After analyzing the cell stages in each group, it was observed that the control group predominantly comprised G2/S phase cells, indicating active proliferation (Figure 5G). The DNR group showed a more balanced distribution across the G1, S, and G2/M phases, with a reduction in G2/S phase cells and an increase in G1 and S phase cells compared to the control group, suggesting that DNR inhibits the proliferation of HCT116 cells. The Lip-DNR group had the lowest percentages of cells in the G2/S and G2/M phases compared to both the control group and the DNR group. Given that the concentration of Lip-DNR used (0.43 μm) closely matches that of free DNR (0.5 μm), this suggests that the liposomal form of DNR is more effective at inhibiting HCT116 cell proliferation than the free form.

5. Discussion

This study investigated the impact of Lip-DNR on inhibiting cell proliferation and inducing cell death in HCT116 cells via the PI3K/AKT/mTOR signaling pathway, comparing the effects of liposomal and free forms of daunorubicin. The liposomes containing daunorubicin were prepared using the thin layer hydration method. FE-SEM analysis confirmed that the liposomes are generally spherical and range from 50 to 100 nm in diameter, aligning with the size range for small unilamellar vesicles liposomes (SUVs, 30 - 100 nm) as reported by Fan (12).

Upon examining the morphology of HCT116 cells, it was observed that Lip-DNR induces apoptosis, or cell death. Research indicates that this effect results from the activation of caspase-9, ultimately leading to apoptosis (13). While the precise molecular mechanisms underpinning daunorubicin's antineoplastic properties remain elusive, it is suggested that oxidative stress induction, DNA intercalation, and inhibition of the topoisomerase II enzyme all contribute to its effectiveness (14).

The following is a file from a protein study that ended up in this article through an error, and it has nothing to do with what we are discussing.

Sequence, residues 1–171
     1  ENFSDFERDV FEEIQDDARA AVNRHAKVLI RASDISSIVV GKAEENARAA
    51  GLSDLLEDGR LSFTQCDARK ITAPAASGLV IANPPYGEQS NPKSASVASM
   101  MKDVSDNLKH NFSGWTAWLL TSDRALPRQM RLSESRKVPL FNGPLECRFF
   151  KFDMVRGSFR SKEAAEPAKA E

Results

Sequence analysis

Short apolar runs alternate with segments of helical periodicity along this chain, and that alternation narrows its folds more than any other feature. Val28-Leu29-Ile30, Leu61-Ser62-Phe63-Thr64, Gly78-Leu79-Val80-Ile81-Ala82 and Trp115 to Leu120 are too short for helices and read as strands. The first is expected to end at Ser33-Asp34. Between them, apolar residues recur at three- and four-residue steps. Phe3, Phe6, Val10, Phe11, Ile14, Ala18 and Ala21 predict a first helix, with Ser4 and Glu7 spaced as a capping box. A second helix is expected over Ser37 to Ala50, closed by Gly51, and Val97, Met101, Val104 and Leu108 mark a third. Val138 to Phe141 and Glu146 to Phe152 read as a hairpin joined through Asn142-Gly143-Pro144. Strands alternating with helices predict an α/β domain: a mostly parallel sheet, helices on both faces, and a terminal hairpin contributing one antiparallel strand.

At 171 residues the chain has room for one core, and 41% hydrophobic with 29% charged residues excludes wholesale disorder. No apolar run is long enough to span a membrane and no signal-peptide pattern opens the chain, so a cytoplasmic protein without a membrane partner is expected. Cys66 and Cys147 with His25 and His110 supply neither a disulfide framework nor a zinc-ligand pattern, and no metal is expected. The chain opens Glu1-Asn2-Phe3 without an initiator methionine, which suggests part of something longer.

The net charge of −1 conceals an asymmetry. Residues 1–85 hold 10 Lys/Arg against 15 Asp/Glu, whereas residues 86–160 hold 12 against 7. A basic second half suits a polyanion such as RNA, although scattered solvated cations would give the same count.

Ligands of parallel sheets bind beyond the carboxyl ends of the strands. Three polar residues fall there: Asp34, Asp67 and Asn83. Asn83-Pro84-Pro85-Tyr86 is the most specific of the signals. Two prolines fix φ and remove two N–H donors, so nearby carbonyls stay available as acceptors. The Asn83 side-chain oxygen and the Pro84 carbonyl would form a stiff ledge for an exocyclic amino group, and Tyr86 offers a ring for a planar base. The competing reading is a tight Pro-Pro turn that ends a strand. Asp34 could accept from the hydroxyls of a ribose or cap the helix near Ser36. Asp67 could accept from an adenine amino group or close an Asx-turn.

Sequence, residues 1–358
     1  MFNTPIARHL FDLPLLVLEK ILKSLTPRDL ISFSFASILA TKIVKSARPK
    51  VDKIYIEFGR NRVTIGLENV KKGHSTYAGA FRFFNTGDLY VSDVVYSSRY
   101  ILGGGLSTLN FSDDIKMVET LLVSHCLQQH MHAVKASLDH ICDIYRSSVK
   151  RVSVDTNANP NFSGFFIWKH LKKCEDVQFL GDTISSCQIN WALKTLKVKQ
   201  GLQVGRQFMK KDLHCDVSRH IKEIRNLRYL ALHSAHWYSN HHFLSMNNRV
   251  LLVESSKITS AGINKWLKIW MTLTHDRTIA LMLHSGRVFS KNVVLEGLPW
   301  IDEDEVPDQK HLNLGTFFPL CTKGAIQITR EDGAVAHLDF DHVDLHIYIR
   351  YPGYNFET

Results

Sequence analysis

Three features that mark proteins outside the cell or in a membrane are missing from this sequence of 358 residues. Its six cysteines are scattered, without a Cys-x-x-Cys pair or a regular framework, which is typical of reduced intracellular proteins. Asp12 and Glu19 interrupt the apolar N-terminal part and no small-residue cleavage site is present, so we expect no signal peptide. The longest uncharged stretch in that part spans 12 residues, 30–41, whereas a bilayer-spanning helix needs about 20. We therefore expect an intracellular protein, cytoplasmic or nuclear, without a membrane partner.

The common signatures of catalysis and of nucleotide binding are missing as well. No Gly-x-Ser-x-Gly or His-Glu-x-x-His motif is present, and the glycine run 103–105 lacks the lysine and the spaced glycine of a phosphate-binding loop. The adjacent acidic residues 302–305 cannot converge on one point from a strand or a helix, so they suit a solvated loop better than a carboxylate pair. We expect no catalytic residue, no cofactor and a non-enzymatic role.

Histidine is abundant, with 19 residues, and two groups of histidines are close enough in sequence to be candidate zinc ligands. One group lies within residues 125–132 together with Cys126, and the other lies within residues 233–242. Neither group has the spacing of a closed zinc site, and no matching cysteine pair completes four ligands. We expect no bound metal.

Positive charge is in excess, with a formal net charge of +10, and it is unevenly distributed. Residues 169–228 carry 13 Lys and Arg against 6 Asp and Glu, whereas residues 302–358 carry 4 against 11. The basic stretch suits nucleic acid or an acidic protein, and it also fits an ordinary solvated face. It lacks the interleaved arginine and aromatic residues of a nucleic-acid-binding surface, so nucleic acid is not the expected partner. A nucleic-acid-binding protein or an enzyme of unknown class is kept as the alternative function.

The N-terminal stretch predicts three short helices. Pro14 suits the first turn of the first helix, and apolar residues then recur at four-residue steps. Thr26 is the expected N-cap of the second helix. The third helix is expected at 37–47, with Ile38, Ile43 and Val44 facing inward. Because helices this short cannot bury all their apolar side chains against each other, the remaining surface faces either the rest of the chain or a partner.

Our study using the MTT method demonstrates an increase in the death rate of HCT116 cells with increasing concentrations of Lip-DNR. Furthermore, a concentration of 0.5 μm of DNR results in a higher number of dead cells compared to the control group. Several studies have shown that a 0.5 μm concentration of DNR induces apoptosis in various cells and cell lines (15-17). Additionally, we found that the cytotoxic effects of the liposomal form of DNR are dose-dependent, and this form is more effective at inducing cell death than the free form of daunorubicin. The induction of cell death following DNR treatment is attributed to an increase in intracellular ROS, which leads to DNA double-strand breaks (18). Moreover, treatment with DNR significantly increases the level of γH2AX in cells, indicating the induction of DNA double-strand breaks (19). When DNA double-strand breaks occur, they trigger the activation of PI3K-like kinases such as ataxia-telangiectasia mutated (ATM) (20). The activated ATM phosphorylates Ser139 residues at the carboxyl end of histone H2AX (H2AX), resulting in the formation of γH2AX around the DNA-DSB. This process leads to the accumulation of numerous γH2AX molecules around the DSB, which serve as binding sites for various DNA repair proteins and checkpoints, thus facilitating DNA-DSB repair (21). In response to DNA-DSB, ATM initiates the repair process through either non-homologous end joining (NHEJ) or homologous recombination (HR) (22).